Dear Members of the Edinboro Community,
I write to you this evening following three months of death — George Floyd, Ahmaud Arbery, Breonna Taylor and more than 100,000 victims of COVID-19. All fell at the hands of pandemics, viruses lacking the capacity to thrive and reproduce outside a host body. In one instance, we are combatting a physical virus, which may be overcome once a vaccine is discovered. In the other, we are dealing with the virus of racism, which has deep roots, long tentacles and is far more difficult to squelch.
Most of us have watched the video of George Floyd and heard his desperate words, “I can’t breathe.” Those suffering from COVID-19 have also struggled to breathe. Indeed, these are dark days that have found many of us gasping for breath in a different way as we watch the video of one more senseless and brutal death on the heels of a novel coronavirus that has claimed family members, friends and livelihoods.
Our hearts go out to the Floyd, Arbery and Taylor families. We stand with them and the African American community in their pain and in support of justice.
Likewise, we are deeply disheartened by the scenes of destruction in Minneapolis, New York City, Los Angeles, Denver, Philadelphia, Pittsburgh, Erie and many other cities across the country. Together, we must find a way to stop racism, marginalization and violence. Higher education, with its commitment to diversity, inclusion, mutual respect and dialogue, can play an important role in this work.We stand ready to help lead the conversation.
Let us join together to ensure that George Floyd, Ahmaud Arbery, Breonna Taylor and the many victims of injustice did not die in vain.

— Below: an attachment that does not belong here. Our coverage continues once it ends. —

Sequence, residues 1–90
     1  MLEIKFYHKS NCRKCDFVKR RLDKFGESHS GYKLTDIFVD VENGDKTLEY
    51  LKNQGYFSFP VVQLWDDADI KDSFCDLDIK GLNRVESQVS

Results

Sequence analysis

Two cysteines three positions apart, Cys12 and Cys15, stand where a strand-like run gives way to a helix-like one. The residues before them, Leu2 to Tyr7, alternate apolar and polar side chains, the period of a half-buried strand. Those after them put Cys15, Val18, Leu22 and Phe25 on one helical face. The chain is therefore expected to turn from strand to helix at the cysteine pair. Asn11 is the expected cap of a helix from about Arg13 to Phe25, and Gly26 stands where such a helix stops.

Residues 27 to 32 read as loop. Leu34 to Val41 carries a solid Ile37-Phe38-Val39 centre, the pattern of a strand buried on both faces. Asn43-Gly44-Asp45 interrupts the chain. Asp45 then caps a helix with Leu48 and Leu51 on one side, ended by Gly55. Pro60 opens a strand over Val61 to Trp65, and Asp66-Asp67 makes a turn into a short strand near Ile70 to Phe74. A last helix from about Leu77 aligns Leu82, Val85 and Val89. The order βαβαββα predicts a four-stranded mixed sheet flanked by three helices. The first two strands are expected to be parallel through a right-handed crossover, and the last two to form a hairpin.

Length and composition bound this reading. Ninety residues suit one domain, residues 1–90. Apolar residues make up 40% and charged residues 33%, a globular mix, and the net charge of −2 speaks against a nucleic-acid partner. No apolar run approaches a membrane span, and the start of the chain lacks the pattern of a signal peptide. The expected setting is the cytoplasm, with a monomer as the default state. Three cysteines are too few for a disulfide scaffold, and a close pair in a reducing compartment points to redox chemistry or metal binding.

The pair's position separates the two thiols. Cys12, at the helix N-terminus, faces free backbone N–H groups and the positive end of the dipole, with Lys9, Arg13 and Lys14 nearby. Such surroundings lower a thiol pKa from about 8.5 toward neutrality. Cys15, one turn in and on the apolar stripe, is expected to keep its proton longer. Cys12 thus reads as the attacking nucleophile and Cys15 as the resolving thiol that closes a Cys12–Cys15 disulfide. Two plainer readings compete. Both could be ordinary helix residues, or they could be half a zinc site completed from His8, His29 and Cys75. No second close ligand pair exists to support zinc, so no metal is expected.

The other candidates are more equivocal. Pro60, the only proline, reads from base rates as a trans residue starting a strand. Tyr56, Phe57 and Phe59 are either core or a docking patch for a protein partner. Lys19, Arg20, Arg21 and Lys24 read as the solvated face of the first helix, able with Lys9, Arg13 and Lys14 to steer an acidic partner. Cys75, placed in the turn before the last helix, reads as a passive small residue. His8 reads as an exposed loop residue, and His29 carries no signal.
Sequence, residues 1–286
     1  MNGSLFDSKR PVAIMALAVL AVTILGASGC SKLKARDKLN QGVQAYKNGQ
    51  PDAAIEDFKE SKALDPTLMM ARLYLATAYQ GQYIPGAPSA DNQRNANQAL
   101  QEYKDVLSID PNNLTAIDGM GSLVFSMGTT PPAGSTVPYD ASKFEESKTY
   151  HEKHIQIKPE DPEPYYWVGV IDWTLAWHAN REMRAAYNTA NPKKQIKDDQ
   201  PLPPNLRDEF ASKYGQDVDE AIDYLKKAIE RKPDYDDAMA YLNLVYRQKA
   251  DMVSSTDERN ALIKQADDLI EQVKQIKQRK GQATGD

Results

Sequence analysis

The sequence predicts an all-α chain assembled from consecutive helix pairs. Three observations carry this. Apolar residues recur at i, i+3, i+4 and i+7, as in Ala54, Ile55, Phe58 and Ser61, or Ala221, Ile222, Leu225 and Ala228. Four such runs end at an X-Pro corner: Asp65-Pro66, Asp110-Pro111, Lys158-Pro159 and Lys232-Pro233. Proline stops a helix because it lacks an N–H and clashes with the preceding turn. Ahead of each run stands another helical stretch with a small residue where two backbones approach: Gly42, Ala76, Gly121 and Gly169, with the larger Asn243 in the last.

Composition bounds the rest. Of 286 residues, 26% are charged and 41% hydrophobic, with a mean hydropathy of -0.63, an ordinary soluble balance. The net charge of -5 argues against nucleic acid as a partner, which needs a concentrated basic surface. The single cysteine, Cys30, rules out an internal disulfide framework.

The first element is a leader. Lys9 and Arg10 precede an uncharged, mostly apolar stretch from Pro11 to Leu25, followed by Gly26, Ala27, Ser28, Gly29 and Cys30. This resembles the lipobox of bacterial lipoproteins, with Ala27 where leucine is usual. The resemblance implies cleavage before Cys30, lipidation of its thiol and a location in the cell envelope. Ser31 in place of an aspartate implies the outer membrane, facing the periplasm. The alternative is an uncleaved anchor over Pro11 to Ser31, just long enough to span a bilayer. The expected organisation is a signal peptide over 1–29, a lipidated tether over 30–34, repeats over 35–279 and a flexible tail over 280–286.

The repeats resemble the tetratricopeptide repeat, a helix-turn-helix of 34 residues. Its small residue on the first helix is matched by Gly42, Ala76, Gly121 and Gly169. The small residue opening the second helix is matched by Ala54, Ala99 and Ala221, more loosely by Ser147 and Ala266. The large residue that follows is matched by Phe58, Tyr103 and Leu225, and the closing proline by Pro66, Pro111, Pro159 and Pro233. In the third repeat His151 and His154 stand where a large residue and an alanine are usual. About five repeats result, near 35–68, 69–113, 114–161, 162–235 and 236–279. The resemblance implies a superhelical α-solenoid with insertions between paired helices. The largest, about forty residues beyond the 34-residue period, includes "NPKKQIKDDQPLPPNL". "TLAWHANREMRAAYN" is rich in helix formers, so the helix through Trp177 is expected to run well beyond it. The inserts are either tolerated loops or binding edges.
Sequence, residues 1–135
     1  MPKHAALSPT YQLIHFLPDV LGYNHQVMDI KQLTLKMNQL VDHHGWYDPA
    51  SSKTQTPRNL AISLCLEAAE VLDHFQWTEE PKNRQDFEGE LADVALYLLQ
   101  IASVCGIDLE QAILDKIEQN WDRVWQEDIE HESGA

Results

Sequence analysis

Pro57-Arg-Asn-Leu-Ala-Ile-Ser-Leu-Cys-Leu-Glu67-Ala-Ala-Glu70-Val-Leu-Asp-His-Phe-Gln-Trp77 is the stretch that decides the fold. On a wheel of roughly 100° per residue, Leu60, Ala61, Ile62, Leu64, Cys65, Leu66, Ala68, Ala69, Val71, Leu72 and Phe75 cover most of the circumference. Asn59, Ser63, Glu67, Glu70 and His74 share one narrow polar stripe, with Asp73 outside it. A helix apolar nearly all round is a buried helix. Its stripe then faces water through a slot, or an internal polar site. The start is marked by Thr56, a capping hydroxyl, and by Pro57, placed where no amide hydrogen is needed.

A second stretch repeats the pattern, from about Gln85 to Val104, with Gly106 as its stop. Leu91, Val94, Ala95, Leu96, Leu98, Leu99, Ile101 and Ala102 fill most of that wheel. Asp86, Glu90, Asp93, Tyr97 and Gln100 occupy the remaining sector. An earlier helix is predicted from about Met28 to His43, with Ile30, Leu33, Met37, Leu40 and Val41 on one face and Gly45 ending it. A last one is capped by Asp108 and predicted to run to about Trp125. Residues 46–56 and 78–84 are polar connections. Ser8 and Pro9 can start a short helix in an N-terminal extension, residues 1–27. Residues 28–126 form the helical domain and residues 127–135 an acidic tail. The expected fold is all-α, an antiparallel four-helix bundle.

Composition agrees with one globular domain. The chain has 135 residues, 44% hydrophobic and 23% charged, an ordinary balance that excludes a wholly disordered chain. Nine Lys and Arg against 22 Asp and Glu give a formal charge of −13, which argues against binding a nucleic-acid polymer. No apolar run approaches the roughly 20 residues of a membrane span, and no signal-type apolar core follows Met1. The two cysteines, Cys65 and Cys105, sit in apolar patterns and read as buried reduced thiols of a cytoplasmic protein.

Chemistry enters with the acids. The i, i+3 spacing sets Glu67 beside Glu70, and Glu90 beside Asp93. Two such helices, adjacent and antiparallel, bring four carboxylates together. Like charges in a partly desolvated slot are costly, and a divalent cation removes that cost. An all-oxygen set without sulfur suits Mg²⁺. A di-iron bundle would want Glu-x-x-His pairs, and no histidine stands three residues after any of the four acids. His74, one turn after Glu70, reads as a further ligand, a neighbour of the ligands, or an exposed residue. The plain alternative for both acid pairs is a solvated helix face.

Dear Colleagues and Students,
With Transgender Awareness Week upon us, we join the nation today, throughout the week and into the future to support the LGBTQIA+ community, recognizing that we all share in the work of fostering an inclusive environment on our campus.
At Edinboro, we live, learn and work in a diverse community. Respect for one another and appreciation for our differences is the foundation of our values. These words must be reflected in our actions, allowing all members of our community to feel welcome, safe and included.
We come from a wide array of backgrounds and our points of view range widely, and yet we are one in our pursuit of knowledge, understanding and a better life for ourselves and our society.
You no doubt have seen these words from Pastor Martin Niemöller, the late German theologian and Lutheran pastor best known for his opposition to the Nazi regime during the 1930s. I repeat them here as a reminder to all of us.
“First they came for the socialists, and I didn’t speak out because I was not a socialist.
“Then they came for the trade unionists, and I did not speak out because I was not a trade unionist.
“Then they came for the Jews, and I did not speak out because I was not a Jew.
“Then they came for me, and there was no one left to speak for me.”
Let us speak out and hold each other up. Our community is far richer because of our differences.
Guiyou Huang, Ph.D.